A million thanks, LJM
THIS is our saddest Christmas, and each day is spent trying to hold back tears as we work in the newsroom.
The men, most of them anyway, try to be stoic. The women, most of them, give each other a tight hug now and then, bury their head on the other one’s shoulder and break into sobs.
This is the hardened newsroom that, as they say, eats death threats for breakfast.
My problem is—I still can’t fully cry. Not yet.
It’s as if, if I did it would be surrendering to the reality that our esteemed editor in chief, Letty Jimenez-Magsanoc—LJM to us and Letty to some—is gone for good.
It was about 7 p.m. on Christmas Eve when I got a text from a friend asking if it was true that Letty “had passed away.” Is this a bad joke, I replied. But the texter asked me to find out anyway.
I called Letty’s house and her kasambahay, in a tearful voice, told me to call Letty’s daughter, Kara, instead; she was at St. Luke’s.
St. Luke’s? We didn’t even know LJM was in the hospital.
I called Joey (Nolasco, our managing editor), who had just gotten home after putting the paper to bed early that evening. Right away, he said no, “cannot be.”
Joey decided we text Sandy (Prieto-Romualdez, or SPR, our president and CEO).
Minutes later, SPR called. I heard cries, not words.
And that was how the Inquirer got its news on Christmas Eve.
LJM passed away late in the afternoon of that day at St. Luke’s Global City, surrounded by her beloved family—husband Carlitos, only daughter Kara, and sons Nikko and Marty. She suffered cardiac arrest.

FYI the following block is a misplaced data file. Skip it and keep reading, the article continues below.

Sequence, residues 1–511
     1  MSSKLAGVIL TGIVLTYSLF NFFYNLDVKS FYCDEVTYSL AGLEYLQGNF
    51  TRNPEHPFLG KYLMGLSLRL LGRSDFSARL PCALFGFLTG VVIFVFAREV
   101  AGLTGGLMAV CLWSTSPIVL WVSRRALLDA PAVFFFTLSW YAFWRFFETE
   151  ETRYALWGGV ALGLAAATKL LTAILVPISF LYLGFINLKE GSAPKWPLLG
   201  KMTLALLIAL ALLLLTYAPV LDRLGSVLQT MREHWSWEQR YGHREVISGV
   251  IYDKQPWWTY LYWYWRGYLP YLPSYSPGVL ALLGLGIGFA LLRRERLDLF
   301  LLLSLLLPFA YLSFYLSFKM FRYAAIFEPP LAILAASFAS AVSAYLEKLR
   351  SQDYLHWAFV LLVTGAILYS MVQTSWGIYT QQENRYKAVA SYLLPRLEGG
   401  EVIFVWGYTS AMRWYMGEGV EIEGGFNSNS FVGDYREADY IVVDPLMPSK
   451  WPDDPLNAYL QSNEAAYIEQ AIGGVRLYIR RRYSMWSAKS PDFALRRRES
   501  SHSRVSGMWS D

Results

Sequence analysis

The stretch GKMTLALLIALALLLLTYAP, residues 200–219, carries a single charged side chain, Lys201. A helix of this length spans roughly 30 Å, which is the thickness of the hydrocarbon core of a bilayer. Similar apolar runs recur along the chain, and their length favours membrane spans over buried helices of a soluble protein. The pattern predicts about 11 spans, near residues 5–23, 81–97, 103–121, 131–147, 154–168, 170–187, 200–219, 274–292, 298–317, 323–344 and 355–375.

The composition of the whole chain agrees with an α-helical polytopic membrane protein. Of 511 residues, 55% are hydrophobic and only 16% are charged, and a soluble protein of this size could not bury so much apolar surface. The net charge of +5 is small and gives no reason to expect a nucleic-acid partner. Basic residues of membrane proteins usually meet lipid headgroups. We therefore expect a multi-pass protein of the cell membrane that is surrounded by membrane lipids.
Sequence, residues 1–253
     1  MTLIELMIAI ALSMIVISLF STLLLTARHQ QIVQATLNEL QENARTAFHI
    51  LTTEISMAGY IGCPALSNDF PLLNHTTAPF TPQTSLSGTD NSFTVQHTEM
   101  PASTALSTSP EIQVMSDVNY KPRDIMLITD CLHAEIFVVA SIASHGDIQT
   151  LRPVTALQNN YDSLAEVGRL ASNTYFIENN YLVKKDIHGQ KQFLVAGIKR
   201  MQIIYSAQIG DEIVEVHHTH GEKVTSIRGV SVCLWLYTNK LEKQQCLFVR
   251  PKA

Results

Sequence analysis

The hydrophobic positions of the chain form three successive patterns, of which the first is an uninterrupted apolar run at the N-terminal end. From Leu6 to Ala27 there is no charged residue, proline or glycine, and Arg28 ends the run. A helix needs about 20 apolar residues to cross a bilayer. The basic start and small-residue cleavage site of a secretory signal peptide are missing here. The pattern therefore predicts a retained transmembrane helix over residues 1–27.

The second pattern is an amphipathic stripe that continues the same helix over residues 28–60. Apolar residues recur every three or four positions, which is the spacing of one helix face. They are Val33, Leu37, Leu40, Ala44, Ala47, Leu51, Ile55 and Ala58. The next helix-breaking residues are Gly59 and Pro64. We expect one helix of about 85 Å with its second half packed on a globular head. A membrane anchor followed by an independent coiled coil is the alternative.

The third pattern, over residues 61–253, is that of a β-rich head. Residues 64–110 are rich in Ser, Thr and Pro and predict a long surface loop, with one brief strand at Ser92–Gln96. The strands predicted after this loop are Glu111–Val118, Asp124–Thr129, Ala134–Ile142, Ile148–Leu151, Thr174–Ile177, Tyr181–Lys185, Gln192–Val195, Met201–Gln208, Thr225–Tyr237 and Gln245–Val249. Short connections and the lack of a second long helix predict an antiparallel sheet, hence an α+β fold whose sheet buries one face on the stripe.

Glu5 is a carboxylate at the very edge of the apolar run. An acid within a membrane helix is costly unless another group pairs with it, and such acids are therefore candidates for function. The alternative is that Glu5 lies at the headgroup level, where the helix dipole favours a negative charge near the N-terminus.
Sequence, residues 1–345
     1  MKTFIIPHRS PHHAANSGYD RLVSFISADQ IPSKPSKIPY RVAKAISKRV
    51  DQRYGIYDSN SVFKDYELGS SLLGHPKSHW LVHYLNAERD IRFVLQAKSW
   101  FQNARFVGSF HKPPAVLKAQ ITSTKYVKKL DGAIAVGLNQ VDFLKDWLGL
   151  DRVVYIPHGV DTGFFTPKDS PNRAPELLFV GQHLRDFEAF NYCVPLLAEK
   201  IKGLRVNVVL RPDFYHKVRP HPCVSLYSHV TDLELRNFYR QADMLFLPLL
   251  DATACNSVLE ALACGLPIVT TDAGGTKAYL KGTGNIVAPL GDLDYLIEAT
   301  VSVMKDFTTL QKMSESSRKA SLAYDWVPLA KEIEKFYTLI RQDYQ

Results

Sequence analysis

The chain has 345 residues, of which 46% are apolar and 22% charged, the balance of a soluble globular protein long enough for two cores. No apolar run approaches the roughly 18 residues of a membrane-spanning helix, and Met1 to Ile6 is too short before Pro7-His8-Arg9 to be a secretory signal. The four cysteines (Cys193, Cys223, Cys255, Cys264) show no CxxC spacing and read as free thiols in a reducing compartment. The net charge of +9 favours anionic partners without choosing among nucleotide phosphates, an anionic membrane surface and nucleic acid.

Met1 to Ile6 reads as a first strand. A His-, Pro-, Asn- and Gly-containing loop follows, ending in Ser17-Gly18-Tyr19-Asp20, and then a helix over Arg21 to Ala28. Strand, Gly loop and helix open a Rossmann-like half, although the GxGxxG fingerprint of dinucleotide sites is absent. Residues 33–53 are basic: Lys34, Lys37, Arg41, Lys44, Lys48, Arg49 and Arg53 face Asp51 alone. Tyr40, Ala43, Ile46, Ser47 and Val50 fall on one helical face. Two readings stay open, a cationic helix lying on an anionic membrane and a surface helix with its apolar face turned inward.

As late as Tuesday, she was still giving marching orders to some of us. She told me, on the phone, to make sure our story on Pia (Wurtzbach, the new Miss Universe) was given a personal angle, because Pia was, as she put it, “ours” (Wurtzbach is a contributor/stylist/model of Lifestyle’s toBeYou). She was her usual self-ultrapossessive of the news, passionate about the story, except that, I noticed, her voice was weak.
I asked her when she thought she would be in the office. She had wanted to be at work the week before the New Year, because that was her turn (the newsdesk is divided into New Year and Christmas teams, so that they can take turns taking the holidays off), but her back still hurt.
Almost as second thought—not primary thought, because to us Letty was invincible—I asked, you’re still in pain? She said yes, adding it seemed this took time to heal. Age, she said. Perhaps it would take six months before her back fracture could heal; it’s just a slowing down of healing because of mature age, she said.
We would visit you, I told her. “Yes, I would like that,” she said. “Now.”
I took “now” to be a figure of speech, given our hectic schedule. Looking back, I now realize she meant really “now.”
I and the girls never got to visit her that Tuesday or the day after because we were advancing deadlines for Christmas.
Letty had been suffering from, according to her, “backbreaking pain,” and had been on sick leave for about two weeks. During that time, in a text message, she said, an X-ray showed “lumbar 1 and 2 fracture in my spinal column. Because my injury of two years ago acted up, X-ray shows there’s now a tear in my bone.”
She wasn’t feeling well enough to attend the Inquirer’s 30th anniversary celebration on Dec. 9, and looked at it with spiritual resignation. Her text to me read, “You know nothing would have stopped me from celebrating this milestone with you all. There must be a reason why the Lord believes otherwise. As my mother always says, even the falling of a leaf…”
Control of her health